Pharmacies in the dark over FMD implementation

Pharmacies in the UK are warning they are unprepared to meet Falsified Medicines Directive requirements by the February 2019 deadline, it has been revealed.

According to the publication Chemist and Druggist, the three largest chain pharmacies – Lloydspharmacy, Boots and Well – have claimed there is a lack of information and clarity around the FMD's requirement to implement barcode scanners in every pharmacy by the deadline.

They also described the FMD deadline as "not realistic" and there was concern over the requirement's impact on pharmacy business.

Under the FMD, which aims to prevent counterfeit medicines entering the European supply chain, pharmaceutical manufacturers must apply safety features to medicines packs to ensure authenticity and supply chain traceability. This includes a 2D barcode and a tamper-proof security seal.

From February 2019, pharmacies will be required to scan the barcodes of all medicines packs at the point of dispense, where the information will be sent to a European database for authentication. Pharmacies will also be required to check the integrity of tamper-proof devices on the packaging.

The shift in practice requires new systems and ways of working for pharmacies, including the introduction of scanning machines and compatible IT systems.

According to the pharmacies Chemist and Druggist spoke to, the industry has been left in the dark regarding the new requirements' implementation.

David Hamilton, commercial director at Well, said the pharmacy "urgently needs greater clarity on the detailed requirements of FMD".

He said the pharmacy was in discussions about the implementation of scanners and was "evaluating" how the FMD could impact internal systems and processes, noting that the work required to meet the new regulations was "huge".

"We are urging key stakeholders to consider the most effective implementation strategy for the UK, and acknowledge that the February 2019 deadline is not realistic," he said.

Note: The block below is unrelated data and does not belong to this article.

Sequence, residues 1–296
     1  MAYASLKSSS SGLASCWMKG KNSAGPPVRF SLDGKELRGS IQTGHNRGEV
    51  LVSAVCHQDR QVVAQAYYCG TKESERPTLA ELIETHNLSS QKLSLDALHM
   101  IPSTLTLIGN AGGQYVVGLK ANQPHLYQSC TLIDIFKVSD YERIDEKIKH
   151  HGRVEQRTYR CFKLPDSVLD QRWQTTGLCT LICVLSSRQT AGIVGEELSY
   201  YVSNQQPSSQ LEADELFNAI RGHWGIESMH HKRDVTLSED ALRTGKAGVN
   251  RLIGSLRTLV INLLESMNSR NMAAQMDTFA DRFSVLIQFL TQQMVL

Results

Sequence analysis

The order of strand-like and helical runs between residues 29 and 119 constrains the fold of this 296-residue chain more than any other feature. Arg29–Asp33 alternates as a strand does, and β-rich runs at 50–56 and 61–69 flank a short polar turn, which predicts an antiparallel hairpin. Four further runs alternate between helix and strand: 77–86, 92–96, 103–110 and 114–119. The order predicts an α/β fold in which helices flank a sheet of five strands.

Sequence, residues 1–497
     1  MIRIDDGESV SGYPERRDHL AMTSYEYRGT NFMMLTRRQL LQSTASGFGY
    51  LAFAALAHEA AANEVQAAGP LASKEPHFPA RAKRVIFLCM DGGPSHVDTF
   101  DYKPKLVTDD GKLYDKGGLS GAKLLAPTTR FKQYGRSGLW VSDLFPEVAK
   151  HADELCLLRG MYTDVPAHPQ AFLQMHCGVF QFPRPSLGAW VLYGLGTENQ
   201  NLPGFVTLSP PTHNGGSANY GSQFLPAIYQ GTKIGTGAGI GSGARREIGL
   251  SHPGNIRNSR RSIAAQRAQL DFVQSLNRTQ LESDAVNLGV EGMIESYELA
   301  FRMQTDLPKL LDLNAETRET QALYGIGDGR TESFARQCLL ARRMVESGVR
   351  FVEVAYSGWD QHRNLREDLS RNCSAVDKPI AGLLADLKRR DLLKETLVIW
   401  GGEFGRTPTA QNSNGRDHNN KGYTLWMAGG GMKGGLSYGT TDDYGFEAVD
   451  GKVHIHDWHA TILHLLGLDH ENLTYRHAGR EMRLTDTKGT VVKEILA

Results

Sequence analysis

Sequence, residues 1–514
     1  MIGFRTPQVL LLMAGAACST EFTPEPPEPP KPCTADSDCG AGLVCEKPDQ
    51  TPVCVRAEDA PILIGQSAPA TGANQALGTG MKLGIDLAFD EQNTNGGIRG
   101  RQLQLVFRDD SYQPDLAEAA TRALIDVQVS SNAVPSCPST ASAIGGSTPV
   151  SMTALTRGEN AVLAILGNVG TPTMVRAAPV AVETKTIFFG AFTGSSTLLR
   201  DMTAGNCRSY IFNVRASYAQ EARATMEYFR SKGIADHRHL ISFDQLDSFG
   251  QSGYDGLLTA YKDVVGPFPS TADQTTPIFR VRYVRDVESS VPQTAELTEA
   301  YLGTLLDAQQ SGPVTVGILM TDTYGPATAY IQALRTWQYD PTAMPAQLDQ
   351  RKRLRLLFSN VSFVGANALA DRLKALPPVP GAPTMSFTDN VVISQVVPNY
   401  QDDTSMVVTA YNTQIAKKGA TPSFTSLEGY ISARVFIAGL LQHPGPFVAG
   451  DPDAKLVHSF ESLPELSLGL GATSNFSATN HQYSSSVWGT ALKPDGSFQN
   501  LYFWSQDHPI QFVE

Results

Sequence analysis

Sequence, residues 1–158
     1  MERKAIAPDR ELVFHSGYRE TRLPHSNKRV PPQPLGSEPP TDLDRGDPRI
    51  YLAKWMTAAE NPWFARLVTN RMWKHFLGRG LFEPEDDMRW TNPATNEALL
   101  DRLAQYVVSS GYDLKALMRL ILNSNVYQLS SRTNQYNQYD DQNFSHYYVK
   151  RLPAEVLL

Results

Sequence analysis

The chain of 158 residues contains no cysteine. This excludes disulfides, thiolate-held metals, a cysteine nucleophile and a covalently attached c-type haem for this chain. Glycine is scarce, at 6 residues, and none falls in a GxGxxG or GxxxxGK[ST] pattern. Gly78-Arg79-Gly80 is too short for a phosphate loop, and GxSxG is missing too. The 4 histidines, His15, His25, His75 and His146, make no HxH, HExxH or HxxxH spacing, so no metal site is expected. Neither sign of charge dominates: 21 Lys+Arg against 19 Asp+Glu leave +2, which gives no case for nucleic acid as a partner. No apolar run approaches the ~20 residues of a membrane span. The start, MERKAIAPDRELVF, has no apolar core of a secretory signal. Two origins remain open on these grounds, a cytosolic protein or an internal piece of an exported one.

Danny McNally, head of prescription assembly solutions at Celesio UK, parent company of LLoydspharmacy, said the firm does "not have the necessary level of detail to make important business decisions, especially around how the directive is interpreted and adopted in the UK for community pharmacies".

"We are in the process of building the required IT system architecture. However, there are still some fundamental decisions to be taken by the competent authorities in the UK, which impact on the sector's ability to meet the timetable for full implementation."

He said the pharmacy was still waiting for further guidance.

Boots also told Chemist and Druggist is was seeking to understand what was required for FMD implementation.

In an interview with the Pharmaceutical Journal last year, Aileen Bryson, practice and policy lead at the Royal Pharmaceutical Society in Scotland, said there were still a lot of questions around how the FMD requirements would work for pharmacies and how they would be financed.

"A lot of thought is going to have to be given to the practicalities of implementation to make sure that access to medicines is not hampered in any way for patients. If there are any gaps in the system that's where the counterfeiting will take place."

Meanwhile, a study earlier this year, showed the FMD's barcode scanning requirements posed an implementation problem for hospital pharmacies where scanning rates were below expectations. According to the pilot study at an NHS teaching hospital, one in five serialised, coded packs were not scanned at the point of dispense, while alerts generated by rogue drug packs were not acted on and quarantined.

Many in the pharmacy industry have expressed concern that the FMD regulations are incompatible with British pharmacy and healthcare systems, while the uncertainty around Brexit has muddied how the FMD will be implemented in the UK even though it is now part of UK legislation.

Last month, SecurMed – the UK medicines verification organisation tasked with implementing and managing the FMD in the UK – announced Arvato Systems would be the IT service provider implementing the verification system for the February 2019 deadline.

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